'Whenever any body of persons having legal authority to determine questions affecting rights of subjects, and having the duty to act judicially act in excess of their legal authority they are subject to the controlling jurisdiction of the King's Bench Division exercised in these writs.'
This definition insists on three requisites each of which must be fulfilled in order that the act of the body may be quasi-judicial act, namely, that the body of persons (1) must have legal authority, (2) to determine questions affecting the rights of subjects, and (3) must have the duty to act judicially. After analysing the various cases, Das J. (as he then was) laid down the following principles as deducible therefrom in Kushaldas S. Advani's case : 1SCR621 at p. 725 :-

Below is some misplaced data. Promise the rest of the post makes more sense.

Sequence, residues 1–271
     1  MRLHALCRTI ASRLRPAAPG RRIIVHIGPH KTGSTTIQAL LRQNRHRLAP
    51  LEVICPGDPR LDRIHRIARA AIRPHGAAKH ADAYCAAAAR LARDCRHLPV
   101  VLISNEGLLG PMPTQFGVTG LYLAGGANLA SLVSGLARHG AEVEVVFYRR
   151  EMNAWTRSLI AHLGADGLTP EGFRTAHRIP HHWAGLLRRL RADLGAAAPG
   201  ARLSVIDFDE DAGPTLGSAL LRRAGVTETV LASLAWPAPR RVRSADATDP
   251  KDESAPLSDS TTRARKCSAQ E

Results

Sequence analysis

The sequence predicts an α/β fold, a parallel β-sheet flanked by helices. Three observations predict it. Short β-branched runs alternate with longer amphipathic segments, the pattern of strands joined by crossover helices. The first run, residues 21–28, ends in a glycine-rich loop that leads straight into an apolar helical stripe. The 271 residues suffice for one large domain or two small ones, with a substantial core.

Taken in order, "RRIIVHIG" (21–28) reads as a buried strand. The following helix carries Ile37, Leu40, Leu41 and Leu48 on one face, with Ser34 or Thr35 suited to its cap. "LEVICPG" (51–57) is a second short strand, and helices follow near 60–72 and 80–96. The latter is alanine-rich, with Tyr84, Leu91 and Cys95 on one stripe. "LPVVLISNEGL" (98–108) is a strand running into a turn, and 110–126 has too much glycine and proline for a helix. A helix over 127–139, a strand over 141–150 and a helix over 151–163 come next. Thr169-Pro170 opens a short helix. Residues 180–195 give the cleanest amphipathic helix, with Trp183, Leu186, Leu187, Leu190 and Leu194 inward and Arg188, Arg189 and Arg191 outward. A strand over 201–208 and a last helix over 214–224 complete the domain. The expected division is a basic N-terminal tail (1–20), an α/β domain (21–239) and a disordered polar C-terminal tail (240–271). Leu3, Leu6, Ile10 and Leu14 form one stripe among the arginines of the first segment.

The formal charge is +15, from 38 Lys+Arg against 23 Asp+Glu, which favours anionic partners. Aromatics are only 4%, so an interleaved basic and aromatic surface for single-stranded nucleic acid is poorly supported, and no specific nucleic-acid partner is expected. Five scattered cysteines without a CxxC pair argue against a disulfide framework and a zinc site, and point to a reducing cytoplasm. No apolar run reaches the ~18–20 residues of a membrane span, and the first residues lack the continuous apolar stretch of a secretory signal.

'(i) That, if a statute empowers an authority, not being a Court in the ordinary sense, to decide disputes arising out of a claim made by any party under the statute which claim is opposed by another party and to determine the respective rights of the contesting parties who are opposed to each other, there is a lis and prima facie and in the absence of anything in the statute to the contrary it is the duty of the authority to act judicially and the decision of the authority is a quasi-judicial act, and
(ii) that if a statutory authority has power to do any act which will prejudicially affect the subject, then, although there are not two parties apart from the authority and the contest is between the authority proposing to do the act and the subject opposing it, the final determination of the authority will yet be a quasi-judicial act provided the authority is required by the statute to act judicially.'